Thursday, February 16, 2006

Programs to Watch: Arrowhead


I just posted a short video feature on the Lockheed Martin Arrowhead upgrade to the AH-64 Apache's TADS/PNVS over on eDefense Online.

Arrowhead is the US Army's Modernized Target Acquisition and Designation Sight and Pilot Night Vision Sensor system for the AH-64 Apache attack helicopter. The AN/ASQ-170 Target Acquisition Designation Sight (TADS) and the AN/AAQ-11 Pilot Night Vision Sensor, (PNVS); also developed by Lockheed Martin; are turrent-mounted assemblies on the nose of the helicopter providing direct view optics, television, forward looking infra-red (or FLIR) sensors; and a Litton laser rangefinder/target designator. The TADS and PNVS are in seperate turrets and can be independently controlled by the Apache pilot and co-pilot/gunner. Both crewmembers can access both subsystems.

The Arrowhead system employes a second-generation longwave FLIR operating in the 8-12 micron band. This is the same frequency as the existing TADS/PNVS sensors, and is considered desirable because it offers better performance than midwave FLIRs when dealing with battlefield obscurants, such as smoke. The Arrowhead system is reported to have twice the range and resolution of the first-generation system. The improvements are attributed to a second-generation FLIR array and advanced image processing software. Arrowhead is a digital system where the existing TADS/PNVS is analog.

Arrowhead entered production in December 2003 and the first unit was delivered to the US Army in May 2005. The Army intends to buy 704 Arrowhead systems to outfit its AH-64 Apache fleet by 2011. Arrowhead has also been selected by the British Army for its Westland WAH-64 Apache Longbows. Other export customers are expected.

For many years, the Longbow millimeter-wave weapon system and its attending radio-frequency intertefometer were touted as the "ultimate" configuration of the AH-64D Apache. But opportunities to engage armored or radiating targets at standoff ranges with radar-guided missiles have been in short supply, lately. Improved situational awareness in the war on terror is more likely to be gained from electro-optical systems than from radar. Also, the laser-guided Advanced Precision Kill Weapon System II (APKWS II), which marries a 70mm Hydra rocket with a semi-active laser seeker, is shaping up to be a key weapon for the Apache in the future, Teams led by Raytheon and Lockheed Martin are competing for the US Army contract. The APKWS II will be much more effective with the improved target location and designation capabilities provided by Arrowhead.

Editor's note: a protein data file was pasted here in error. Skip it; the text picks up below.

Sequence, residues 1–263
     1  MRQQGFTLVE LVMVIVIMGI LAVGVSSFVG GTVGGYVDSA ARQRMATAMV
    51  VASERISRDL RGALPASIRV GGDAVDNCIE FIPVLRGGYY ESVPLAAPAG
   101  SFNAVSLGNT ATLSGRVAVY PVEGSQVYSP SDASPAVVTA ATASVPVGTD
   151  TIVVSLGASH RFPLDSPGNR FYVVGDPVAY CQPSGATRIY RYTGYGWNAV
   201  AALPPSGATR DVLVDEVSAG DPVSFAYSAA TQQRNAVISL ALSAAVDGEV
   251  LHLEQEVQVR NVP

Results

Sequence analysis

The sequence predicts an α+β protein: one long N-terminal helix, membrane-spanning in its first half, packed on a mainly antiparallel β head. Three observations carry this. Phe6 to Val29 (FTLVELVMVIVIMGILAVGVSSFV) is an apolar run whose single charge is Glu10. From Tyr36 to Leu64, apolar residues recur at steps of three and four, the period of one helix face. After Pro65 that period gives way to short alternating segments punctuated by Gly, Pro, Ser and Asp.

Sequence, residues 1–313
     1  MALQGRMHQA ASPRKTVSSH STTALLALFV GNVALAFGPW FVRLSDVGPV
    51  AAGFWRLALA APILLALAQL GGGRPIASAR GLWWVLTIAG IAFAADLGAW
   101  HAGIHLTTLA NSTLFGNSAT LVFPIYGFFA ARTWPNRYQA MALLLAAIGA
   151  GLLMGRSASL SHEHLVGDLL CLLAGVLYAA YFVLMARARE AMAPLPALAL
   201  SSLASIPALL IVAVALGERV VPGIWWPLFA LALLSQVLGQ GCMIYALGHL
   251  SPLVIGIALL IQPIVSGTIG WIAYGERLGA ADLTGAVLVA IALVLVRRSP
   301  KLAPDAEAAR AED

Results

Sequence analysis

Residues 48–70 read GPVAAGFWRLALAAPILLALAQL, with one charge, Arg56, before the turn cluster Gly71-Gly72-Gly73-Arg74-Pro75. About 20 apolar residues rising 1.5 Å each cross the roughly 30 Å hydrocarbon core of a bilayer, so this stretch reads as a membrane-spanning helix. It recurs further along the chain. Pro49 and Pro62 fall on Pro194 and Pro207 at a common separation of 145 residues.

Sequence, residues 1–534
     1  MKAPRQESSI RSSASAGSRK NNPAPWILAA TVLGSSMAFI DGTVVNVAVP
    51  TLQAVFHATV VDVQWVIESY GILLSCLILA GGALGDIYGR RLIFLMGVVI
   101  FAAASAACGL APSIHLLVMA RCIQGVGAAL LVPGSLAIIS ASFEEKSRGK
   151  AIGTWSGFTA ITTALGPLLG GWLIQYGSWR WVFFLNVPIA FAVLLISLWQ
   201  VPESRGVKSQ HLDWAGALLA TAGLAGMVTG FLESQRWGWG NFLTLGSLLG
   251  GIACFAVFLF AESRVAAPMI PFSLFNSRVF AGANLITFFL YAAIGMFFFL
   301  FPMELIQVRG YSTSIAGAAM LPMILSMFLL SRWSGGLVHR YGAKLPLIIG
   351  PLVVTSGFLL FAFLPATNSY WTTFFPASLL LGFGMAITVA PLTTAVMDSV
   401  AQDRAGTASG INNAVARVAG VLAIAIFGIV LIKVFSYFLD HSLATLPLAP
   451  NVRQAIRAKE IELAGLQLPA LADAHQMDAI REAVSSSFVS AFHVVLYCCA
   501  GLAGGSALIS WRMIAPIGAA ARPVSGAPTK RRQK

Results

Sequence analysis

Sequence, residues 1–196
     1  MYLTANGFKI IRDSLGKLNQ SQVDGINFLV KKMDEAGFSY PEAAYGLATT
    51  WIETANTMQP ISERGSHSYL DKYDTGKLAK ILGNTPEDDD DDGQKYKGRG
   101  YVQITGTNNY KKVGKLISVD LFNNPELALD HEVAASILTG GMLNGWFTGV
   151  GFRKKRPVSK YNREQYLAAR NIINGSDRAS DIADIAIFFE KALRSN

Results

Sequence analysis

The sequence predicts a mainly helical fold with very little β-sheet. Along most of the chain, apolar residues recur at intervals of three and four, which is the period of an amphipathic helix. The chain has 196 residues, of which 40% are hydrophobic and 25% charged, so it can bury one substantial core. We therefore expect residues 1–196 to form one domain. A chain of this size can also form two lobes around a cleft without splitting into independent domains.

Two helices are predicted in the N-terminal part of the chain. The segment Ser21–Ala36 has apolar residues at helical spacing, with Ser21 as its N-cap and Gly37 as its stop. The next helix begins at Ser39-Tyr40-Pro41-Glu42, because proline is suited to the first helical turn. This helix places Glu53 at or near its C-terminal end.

US Army Aviation has been redefining combat-helicopter doctrine in light of ongoing operations. These revisions are spelled out in new Brigade Tactical Manuals that emphasize division reconnaissance and attack, close-combat attack, and urban warfare. New Apache doctrine and tactics stress "running fire" and "diving fire" over hovering engagements at low altitudes. This will place the Apache out of effective range of certain infantry weapons, such as small arms and RPGs, while also enabling better use of the helicopter’s TADS/PNVS sensors for greater situational awareness. The Arrowhead upgrade's role in improving the Apache's effectiveness in unconventional conflicts make it a program to watch.

Wednesday, February 15, 2006

J-UCAS Program Restructured (translation: "funding eliminated")

The joint Air Force/Navy/DARPA program to develop a Joint-Unmanned Combat Aerial System was already on shaky ground -- or encountering turbulence, would be the better metaphor -- last year when about $40 million was cut from its funding. Now comes news that the the US Defense Department allocated zero funding for the program in 2007. The program director said at a conference in Washington just a couple of days after the new budget request had been released that he wasn't sure what the future of the program is, but that the DoD certainly wants to develop a long-range strike capability, and that the Navy seeks unmanned aerial vehicles that can takeoff and land from aircraft carriers, which is a capability that J-UCAS was not developing.

For more on the program's fate see "J-UCAS Canceled, But Not for Naught."